History Publications

Corrupt Circles: A History of Unbound Graft in Peru by Alfonso W. Quiroz

Corrupt Circles: A History of Unbound Graft in Peru

Oct 01, 2008
In Corrupt Circles, Alfonso W. Quiroz gives a definitive and thorough history of Peruvian corruption that dates back to the country’s colonial period. He demonstrates how corruption has been deeply embedded in Peru’s state institutions and has damaged the country’s prospects, and estimates the costs of corruption to the country’s development. more

The Art of Conversation: dialogue at the Woodrow Wilson Center by George Liston Seay and Peter J. Bean

The Art of Conversation: dialogue at the Woodrow Wilson Center

Oct 01, 2007
A collection of conversations from dialogue, a weekly radio and television series of extensive interviews. more

Re-envisioning the Chinese Revolution: The Politics and Poetics of Collective Memories in Reform China, edited by Ching Kwan Lee and Guobin Yang

Re-envisioning the Chinese Revolution: The Politics and Poetics of Collective Memories in Reform China

Oct 01, 2007
Re-envisioning the Chinese Revolution is the first comprehensive study of contemporary memories of China’s revolutionary epoch, from the time of Japanese imperialism through the Cultural Revolution. more

The Strategic Triangle, edited by Helga Haftendorn, Georges-Henri Soutou, Stephen F. Szabo, and Samuel F. Wells, Jr.

The Strategic Triangle: France, Germany, and the United States in the Shaping of the New Europe

May 01, 2007
Taking the perspective of France, Germany, and the United States by turns, The Strategic Triangle discusses a series of economic and diplomatic episodes and asks how they affected the countries’ relations with each other, with countries outside this triangle, and with international institutions such as the EU and NATO. more

The Three Yugoslavias: State-Building and Legitimation, 1918-2005 by Sabrina P. Ramet

The Three Yugoslavias: State-Building and Legitimation, 1918-2005

May 01, 2006
In this thematic history of modern Yugoslavia, Sabrina Ramet demonstrates that the instability of the three 20th-century Yugoslav states can be attributed to the failure of succeeding governments to establish the rule of law and political legitimacy. more

Failed Illusions: Moscow, Washington, Budapest, and the 1956 Hungarian Revolt by Charles Gati

Failed Illusions: Moscow, Washington, Budapest, and the 1956 Hungarian Revolt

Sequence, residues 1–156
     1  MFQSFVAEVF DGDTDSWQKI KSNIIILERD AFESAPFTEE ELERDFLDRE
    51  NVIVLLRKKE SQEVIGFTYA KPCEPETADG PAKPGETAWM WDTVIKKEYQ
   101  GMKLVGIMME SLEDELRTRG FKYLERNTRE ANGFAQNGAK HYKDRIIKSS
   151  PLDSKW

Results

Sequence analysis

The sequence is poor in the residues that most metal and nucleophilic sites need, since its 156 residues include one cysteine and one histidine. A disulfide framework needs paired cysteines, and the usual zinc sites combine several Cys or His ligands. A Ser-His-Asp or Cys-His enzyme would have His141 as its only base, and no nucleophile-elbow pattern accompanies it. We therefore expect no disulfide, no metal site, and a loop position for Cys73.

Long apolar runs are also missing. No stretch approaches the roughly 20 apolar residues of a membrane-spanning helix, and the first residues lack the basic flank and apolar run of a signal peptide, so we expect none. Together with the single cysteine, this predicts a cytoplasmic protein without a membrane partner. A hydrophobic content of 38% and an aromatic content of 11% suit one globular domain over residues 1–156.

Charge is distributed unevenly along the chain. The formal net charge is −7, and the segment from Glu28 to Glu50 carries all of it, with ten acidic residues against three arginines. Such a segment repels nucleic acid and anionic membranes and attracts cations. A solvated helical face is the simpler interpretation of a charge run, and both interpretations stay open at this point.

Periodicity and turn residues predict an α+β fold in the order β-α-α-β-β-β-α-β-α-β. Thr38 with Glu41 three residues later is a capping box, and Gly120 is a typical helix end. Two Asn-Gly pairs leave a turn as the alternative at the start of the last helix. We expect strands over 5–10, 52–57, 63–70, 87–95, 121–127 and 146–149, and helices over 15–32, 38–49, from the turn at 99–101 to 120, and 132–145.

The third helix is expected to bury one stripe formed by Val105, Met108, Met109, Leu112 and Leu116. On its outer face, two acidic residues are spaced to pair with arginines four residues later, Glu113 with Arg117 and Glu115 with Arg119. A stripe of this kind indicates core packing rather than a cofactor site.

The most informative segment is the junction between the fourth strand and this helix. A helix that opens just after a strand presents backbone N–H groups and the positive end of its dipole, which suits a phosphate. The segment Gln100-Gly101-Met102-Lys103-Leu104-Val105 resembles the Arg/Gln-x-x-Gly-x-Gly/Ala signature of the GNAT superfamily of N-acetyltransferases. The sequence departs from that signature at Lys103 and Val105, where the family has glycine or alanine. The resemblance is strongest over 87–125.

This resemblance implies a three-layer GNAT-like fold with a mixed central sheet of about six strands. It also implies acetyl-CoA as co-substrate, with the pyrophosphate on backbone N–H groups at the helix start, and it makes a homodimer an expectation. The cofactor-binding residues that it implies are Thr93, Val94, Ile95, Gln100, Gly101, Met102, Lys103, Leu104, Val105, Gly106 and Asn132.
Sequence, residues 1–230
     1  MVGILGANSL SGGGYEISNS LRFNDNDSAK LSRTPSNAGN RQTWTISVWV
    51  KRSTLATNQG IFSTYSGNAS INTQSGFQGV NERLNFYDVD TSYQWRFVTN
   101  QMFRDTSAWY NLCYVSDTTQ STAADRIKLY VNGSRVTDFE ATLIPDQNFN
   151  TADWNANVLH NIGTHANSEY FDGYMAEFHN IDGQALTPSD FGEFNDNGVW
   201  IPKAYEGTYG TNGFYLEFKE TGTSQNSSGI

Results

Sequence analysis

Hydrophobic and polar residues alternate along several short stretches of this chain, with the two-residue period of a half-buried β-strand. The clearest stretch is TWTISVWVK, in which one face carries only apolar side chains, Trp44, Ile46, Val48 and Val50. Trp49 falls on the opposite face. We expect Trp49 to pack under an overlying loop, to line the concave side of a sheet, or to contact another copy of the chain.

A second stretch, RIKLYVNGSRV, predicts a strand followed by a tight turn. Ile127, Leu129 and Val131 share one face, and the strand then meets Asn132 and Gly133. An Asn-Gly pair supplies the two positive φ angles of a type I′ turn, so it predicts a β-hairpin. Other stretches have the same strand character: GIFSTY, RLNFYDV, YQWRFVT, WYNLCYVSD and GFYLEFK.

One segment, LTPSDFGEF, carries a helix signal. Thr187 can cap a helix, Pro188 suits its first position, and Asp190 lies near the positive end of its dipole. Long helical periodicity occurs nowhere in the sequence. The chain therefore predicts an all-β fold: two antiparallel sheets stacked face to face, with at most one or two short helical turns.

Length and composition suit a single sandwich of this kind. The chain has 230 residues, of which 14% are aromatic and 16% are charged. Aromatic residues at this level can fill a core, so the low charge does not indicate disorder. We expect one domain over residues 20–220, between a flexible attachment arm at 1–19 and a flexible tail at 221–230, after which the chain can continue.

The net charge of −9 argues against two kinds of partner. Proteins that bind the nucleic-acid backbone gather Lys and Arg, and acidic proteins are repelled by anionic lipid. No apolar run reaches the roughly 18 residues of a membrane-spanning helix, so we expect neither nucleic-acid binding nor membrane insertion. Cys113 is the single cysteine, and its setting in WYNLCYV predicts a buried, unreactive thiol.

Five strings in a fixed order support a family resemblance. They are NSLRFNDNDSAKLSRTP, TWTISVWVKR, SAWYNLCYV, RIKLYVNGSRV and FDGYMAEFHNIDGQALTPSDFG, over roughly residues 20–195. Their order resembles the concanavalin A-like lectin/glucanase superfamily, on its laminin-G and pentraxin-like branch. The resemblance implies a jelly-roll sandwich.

May 01, 2006
The 1956 Hungarian revolution was a key event in the Cold War, demonstrating deep dissatisfaction with both the communist system and Soviet imperialism. Fifty years later, the simplicity of this David and Goliath story should be revisited, according to Charles Gati’s new history of the revolt. more

Race, Culture, and the Intellectuals 1940–1970 by Richard H. King

Race, Culture, and the Intellectuals 1940–1970

Oct 01, 2004
Toward the end of World War II, scholars and writers stressed the unity of humankind, but by the early 1970s, dominant voices proclaimed ongoing diversity—sometimes irreconcilable antagonism—among human cultures. To study this transition from universalism to cultural particularism, Richard King focuses on the major thinkers, movements, and traditions of thought, attempting to construct an intellectual history. more

Nationalism and the Crowd in Liberal Hungary, 1848-1914 by Alice Freifeld

Nationalism and the Crowd in Liberal Hungary, 1848-1914

Oct 01, 2000
Hungary’s revolutionary crowd of 1848 was defeated in 1849, but crowd politics remained central to Hungary over the next half-century. Nationalism and the Crowd in Liberal Hungary, 1848–1914 describes how the crowd’s shifting cast of characters participated in the making of Hungary inside the increasingly troubled Austro-Hungarian empire. more

India and Pakistan: The First Fifty Years

Oct 01, 1998
The independence of India and Pakistan signaled the beginning of the end of Western colonialism. The fiftieth anniversary of that independence, in 1997, offered an excellent milestone for considering their progress, problems, and prospects. For this purpose, nine well-known specialists presented papers at a conference at the Woodrow Wilson Center in June of 1997. more

Churchill as Peacemaker, edited by James W. Muller

Churchill as Peacemaker

Oct 01, 1997
Winston Churchill had an acute appreciation of what belongs to war and what belongs to peace; we remember his resistance to Nazi tyranny during the Second World War and his actions as a man of war. In this book, scholars from the United States, Great Britain, and South Africa examine his other actions and comments, those that reflect the primary focus of Churchill's long career: his attempts to keep and restore peace throughout the world, from Queen Victoria's little wars to the Cold War. more

Pages

Dialogue

The Future of Higher Education

Mar 26, 2014Apr 02, 2014

Jeff Abernathy and Richard Morrill discuss how colleges and universities are dealing with rapidly rising costs and how the United States can still compete for students in a globalized environment.